Here’s Why You Shouldn’t Cancel Your Credit Card Just Yet

Before you cut up that credit card, here’s why you should put down the scissors and give it a think.

Credit card, online shopping, retail

Image source: Getty Images

To cancel or not to cancel. For many cardholders across Canada, that is the question.

Ever since the pandemic made us rethink our discretionary spending, many credit cards have sat unused. And the more dusty cards you have, the more imperative the question — do you really need all these cards? Doesn’t one (or none) do just fine?

As it turns out, cancelling your credit cards isn’t always the smartest financial move. Yes — even if you don’t use them. Before you cut up that credit card, here’s why you should put down the scissors and give it a think.

1. You might increase your credit utilization ratio

Your credit utilization ratio measures how much credit you’re using versus how much overall credit you’ve been extended. For instance, if you have $10,000 in credit limits across two credit cards, and you’re currently carrying a $1,000 balance, then your credit utilization ratio would be 10%.

When it comes to credit utilization ratios, the lower the better off your credit score. Credit bureaus take credit utilization very seriously, which is why it makes up 30% of your credit score. In general, the ideal utilization ratio is below 20%. Anything higher, and you’ll typically see your score drop.

So what does this have to do with cancelling credit cards? Simple. By cancelling a credit card, you automatically lower how much credit is extended to you. Let’s take the example from above. Let’s say you cancel one of your two credit cards, a card with a $5,000 credit limit. You’re carrying $1,000 on your other credit card (now your only one). In the above example, your utilization was 10%, an admirable number. Now, your utilization just jumped to 25%, the red zone.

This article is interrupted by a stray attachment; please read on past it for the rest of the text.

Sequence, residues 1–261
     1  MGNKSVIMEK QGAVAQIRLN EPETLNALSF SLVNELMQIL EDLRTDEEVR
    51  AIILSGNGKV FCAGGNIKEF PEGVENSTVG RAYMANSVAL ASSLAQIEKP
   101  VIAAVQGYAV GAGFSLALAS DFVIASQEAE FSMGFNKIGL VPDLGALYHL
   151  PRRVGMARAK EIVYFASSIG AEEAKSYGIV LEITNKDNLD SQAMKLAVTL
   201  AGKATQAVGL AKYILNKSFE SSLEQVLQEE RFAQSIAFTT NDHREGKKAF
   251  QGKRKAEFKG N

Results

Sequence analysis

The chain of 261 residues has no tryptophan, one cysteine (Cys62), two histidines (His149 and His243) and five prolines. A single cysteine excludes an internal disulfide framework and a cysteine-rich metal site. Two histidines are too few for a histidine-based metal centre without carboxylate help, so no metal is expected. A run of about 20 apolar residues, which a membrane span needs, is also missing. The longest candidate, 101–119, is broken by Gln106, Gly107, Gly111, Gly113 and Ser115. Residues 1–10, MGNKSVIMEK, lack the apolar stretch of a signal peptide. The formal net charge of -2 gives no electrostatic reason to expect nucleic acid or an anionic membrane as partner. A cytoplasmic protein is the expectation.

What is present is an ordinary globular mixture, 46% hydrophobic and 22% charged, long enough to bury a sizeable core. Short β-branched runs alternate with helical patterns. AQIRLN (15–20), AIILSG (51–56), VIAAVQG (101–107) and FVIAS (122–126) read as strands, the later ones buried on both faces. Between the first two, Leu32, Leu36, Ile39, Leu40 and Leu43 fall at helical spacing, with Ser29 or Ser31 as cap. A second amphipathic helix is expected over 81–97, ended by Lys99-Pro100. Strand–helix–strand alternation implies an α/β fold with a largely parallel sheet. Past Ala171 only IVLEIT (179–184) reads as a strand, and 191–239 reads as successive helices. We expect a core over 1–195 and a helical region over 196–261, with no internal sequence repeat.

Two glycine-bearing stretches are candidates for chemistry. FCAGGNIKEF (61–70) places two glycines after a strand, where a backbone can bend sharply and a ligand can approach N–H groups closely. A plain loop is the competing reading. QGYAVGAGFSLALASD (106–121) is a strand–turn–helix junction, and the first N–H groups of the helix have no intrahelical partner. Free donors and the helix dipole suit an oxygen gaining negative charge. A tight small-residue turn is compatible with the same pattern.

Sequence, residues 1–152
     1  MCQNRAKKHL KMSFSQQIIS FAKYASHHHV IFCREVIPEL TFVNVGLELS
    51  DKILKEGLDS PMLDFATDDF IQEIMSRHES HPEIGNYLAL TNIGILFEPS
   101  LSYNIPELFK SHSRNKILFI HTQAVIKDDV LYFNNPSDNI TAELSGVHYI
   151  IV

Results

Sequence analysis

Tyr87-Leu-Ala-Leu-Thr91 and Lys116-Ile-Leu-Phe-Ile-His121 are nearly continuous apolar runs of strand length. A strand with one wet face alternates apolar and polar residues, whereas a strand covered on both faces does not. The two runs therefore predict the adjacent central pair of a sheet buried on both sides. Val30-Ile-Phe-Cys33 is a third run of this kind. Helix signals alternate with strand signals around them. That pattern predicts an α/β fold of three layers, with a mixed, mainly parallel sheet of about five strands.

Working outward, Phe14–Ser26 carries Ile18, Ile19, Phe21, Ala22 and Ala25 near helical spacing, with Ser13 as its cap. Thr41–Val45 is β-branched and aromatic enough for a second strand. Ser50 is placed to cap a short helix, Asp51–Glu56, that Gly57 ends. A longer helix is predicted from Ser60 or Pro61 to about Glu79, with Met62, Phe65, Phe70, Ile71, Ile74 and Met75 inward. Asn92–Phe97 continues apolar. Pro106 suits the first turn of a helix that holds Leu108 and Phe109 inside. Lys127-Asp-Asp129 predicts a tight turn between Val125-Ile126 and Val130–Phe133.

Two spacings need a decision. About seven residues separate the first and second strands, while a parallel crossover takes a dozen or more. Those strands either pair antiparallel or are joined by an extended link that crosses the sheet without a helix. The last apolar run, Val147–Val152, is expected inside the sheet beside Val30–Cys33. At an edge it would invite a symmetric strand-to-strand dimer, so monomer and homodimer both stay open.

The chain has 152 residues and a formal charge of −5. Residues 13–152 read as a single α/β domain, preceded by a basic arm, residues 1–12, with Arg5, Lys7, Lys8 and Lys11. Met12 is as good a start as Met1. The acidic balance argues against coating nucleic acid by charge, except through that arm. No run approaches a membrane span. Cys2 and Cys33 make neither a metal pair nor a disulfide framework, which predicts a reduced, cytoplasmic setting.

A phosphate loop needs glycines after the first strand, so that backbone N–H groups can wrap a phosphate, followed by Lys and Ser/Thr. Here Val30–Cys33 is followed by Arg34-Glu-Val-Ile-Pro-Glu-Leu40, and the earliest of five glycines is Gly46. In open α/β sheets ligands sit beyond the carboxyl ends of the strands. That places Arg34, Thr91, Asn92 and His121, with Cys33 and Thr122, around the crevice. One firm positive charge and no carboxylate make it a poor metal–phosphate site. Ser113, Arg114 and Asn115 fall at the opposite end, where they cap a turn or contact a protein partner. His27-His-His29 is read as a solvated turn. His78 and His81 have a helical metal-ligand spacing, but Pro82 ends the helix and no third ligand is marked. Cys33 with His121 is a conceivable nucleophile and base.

Before you cancel any credit cards, be sure to take a long, hard look at your credit utilization. If a cancelled card puts you above 20%, you’ll hurt your credit score, and you’d be better off keeping the credit card open.

2. You could erase your rewards

When you cancel a rewards card or cashback credit card, you also cancel your rewards. Under no circumstance is a credit card issuer obligated to remind you of this. What’s worse — once your card is cancelled, you won’t be able to restore what you lost. This can be especially tricky for cards that allow you to redeem points or cashback once a year, as you can easily forget what you’ve earned before you cancel.

3. Or close an old account

The third-largest percentage of your credit score goes to the length of your credit history (15%). Yes, that includes your first credit card. If you opened a credit card in the now distant days of college (or before), you’d be wise to keep it open. Even if you don’t use it, closing it will hurt your credit score.

4. Or lose a valuable line of credit

Finally, let’s not forget the more admirable purposes of credit cards. They’re there to help you in an emergency. While, yes, you should never charge more to a credit card than you can actually afford, if a big medical bill or car repair forces you to borrow money, the APR on a credit card is probably much lower than a personal loan.

If you’re considering closing your only credit card, or a card with high credit limits, I’d take a step back and reconsider. Even if you don’t use it, it could come in handy when you least expect it.

This article represents the opinion of the writer, who may disagree with the “official” recommendation position of a Motley Fool premium service or advisor. We’re Motley! Questioning an investing thesis — even one of our own — helps us all think critically about investing and make decisions that help us become smarter, happier, and richer, so we sometimes publish articles that may not be in line with recommendations, rankings or other content.

More on Investing